(Bloomberg) -- Qatar Airways says surface flaws on Airbus SE’s A350 jets causes a risk of the fuel tanks igniting, in the latest twist in an acrimonious legal dispute which will be fully aired in a London court next month. 

In documents made public Tuesday, Qatar Airways said paint layers on large parts of affected A350s have been so badly damaged that wind and pollutants, such as salt or hydraulic fluids, can penetrate through the skin and damage the lightning protection of the aircraft. That raises particular concern on the wings, where fuel tanks are stored.

The accusation is the latest in a dispute which kicked off when Qatar Airways sued Airbus late last year over surface quality issues with A350 jets. Airbus acknowledges the problem but disputes Qatar Airway’s claim that it’s a safety concern.

Both sides have made compensation claims and Airbus has canceled two A350s for delivery and a separate contract for its bestselling A321s, both of which are now caught up in separate legal proceedings. The airline has grounded 22 A350s to date.

Qatar Airways said in the document that the European Union Aviation Safety Agency recorded in a April 15, 2021 safety assessment that the lightning threat would pose a danger if it were co-incident with fuel tanks. Qatar Airways claims since damage can be seen on the wings that means it is co-incident with the fuel tanks.

An Airbus spokesman said the company “rejects Qatar Airways’ ongoing and public mischaracterization of the nature of these issues and of their impact on the A350 aircraft’s continuous airworthiness.” Airbus has worked with EASA since the beginning and continues to do so, he said.

EASA didn’t respond to a request for comment made after regular business hours.

‘Defective’ Design

Qatar Airways’ Chief Technical Officer Ali Al Hilli said the current design and manufacture of the A350 “is defective” and that he has inspected all of the airline’s grounded A350s. The damage seen includes spider cracks, severe cracking on and around window frames, exposure of the lightning protection and of the underlying composite surface and damage to the lightning protection layer. The airline provided pictures in the statement purporting to show the damage.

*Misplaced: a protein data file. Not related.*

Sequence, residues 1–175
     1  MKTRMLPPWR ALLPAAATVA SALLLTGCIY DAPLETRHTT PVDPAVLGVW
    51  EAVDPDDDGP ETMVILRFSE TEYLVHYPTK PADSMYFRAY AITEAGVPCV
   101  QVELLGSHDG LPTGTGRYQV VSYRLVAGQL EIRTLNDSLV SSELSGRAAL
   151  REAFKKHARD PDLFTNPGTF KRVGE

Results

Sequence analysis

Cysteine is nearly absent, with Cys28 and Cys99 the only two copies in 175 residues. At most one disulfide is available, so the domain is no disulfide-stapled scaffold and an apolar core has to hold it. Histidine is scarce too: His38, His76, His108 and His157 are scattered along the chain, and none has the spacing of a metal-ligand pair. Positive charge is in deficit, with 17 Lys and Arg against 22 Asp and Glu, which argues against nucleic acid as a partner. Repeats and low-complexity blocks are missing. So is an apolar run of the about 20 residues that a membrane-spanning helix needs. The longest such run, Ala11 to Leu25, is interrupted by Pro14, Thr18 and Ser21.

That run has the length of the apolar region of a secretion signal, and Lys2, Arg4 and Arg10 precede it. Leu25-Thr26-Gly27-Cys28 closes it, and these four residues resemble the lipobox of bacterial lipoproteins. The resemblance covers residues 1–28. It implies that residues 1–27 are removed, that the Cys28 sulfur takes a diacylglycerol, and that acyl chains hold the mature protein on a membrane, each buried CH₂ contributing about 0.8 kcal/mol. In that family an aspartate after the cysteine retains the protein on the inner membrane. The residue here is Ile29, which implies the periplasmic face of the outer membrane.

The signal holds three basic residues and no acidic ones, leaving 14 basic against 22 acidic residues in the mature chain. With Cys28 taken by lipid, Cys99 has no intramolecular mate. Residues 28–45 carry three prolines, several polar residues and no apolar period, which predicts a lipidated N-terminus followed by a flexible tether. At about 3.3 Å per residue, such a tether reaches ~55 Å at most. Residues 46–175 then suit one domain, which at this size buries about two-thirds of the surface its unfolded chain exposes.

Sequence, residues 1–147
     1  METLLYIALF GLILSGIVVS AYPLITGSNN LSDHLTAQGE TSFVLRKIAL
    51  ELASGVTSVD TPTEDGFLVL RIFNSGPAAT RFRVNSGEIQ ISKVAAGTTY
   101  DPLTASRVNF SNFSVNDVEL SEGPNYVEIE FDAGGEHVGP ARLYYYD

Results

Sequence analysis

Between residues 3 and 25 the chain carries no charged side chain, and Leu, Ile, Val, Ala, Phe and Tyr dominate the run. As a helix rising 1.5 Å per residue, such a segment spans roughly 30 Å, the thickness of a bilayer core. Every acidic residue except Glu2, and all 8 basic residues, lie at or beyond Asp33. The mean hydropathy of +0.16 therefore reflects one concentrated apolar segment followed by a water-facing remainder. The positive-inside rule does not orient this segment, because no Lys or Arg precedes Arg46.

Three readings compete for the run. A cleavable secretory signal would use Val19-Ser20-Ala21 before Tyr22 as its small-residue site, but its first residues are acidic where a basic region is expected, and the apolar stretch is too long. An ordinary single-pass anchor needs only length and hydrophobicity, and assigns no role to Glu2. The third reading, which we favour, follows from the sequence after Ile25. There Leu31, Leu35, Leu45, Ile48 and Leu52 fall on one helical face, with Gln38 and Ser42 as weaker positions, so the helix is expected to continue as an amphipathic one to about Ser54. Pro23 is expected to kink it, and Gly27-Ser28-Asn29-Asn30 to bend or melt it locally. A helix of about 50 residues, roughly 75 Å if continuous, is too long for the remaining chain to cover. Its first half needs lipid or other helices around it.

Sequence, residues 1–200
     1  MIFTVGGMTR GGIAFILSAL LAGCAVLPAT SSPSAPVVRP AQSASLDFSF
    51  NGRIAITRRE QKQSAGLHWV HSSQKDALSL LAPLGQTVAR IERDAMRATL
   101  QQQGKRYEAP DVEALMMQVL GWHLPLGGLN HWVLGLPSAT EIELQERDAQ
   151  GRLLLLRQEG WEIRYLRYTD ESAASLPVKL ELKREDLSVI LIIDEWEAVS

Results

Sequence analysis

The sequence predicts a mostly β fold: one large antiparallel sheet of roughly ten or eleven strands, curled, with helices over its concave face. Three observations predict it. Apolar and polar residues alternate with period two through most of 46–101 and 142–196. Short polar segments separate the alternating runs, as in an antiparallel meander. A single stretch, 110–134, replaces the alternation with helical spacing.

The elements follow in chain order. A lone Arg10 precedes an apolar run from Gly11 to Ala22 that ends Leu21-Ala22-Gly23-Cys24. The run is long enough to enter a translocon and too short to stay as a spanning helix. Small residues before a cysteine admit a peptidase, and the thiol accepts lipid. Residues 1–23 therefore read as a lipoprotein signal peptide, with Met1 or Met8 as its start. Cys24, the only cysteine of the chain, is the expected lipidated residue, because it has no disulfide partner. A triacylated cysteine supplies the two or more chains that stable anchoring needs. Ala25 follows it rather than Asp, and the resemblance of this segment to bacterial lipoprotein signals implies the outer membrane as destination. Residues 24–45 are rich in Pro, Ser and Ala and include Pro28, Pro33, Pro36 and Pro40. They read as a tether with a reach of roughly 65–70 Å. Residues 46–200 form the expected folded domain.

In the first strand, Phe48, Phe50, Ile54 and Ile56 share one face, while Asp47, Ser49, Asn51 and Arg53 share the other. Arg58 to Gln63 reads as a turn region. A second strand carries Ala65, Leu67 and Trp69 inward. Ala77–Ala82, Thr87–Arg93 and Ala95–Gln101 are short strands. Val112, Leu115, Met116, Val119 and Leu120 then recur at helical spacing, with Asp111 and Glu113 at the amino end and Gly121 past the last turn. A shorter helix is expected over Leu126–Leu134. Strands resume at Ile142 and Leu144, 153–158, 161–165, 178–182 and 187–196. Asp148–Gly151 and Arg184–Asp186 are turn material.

In another witness statement, Qatar took on Airbus’s scrapping of the separate A321 order. The airline had sued over the cancellation and a judge is to rule on that dispute next week. Airbus had claimed the airline had grounded the A350s for commercial reasons because its business was hit by the coronavirus epidemic. 

But Qatar Airways said in the documents released Tuesday that it’s “entirely incorrect” to suggest it’s operating under capacity, saying that capacity is now above pre-pandemic rates. 

The airline said none of the other aircraft available to it -- including Boeing Co.’s 737 Max, 787 and 777 models -- are a true comparison to the A321neo. It hoped to use the economical, long-range aircraft to serve smaller markets such as Toulouse, Lyon, Bergen or Bilbao and has now put those plans on hold. 

Demand Squeeze

Qatar Airways also argued that Airbus is struggling to meet demand for the popular A321 aircraft after the manufacturer said in its own statements that even if the A321 contract were reinstated, it would be delayed by several months.  

“If Airbus is unable to comply with its contractual obligations to deliver the A321 Neos in accordance with the delivery schedule, the responsibility for any delays lies with Airbus alone,” Krunoslav Krajacevic, a senior manager of production oversight and aircraft deliveries for Qatar, said in his witness statement. “I believe these delays may in fact be brought about by Airbus’s general inability to meet demand.”

Due to the grounding of the A350s, Qatar Airways said it has been forced to turn to alternatives, including wet leases -- a temporary arrangement where a lessor provides an aircraft along with crew, maintenance and insurance -- and bringing A380s back into service. These arrangements are costly and are leading to variation in the airline’s level of service which have caused complaints, the airline said.

Even with the legal battle continuing, the airline sought to refute Airbus’s claims that the relationship between the two companies has grown tense.

“Qatar Airways and Airbus have worked together for more than 20 years,” Krajacevic said. “I am confident that the relationship will remain strong and continue despite these proceedings.”

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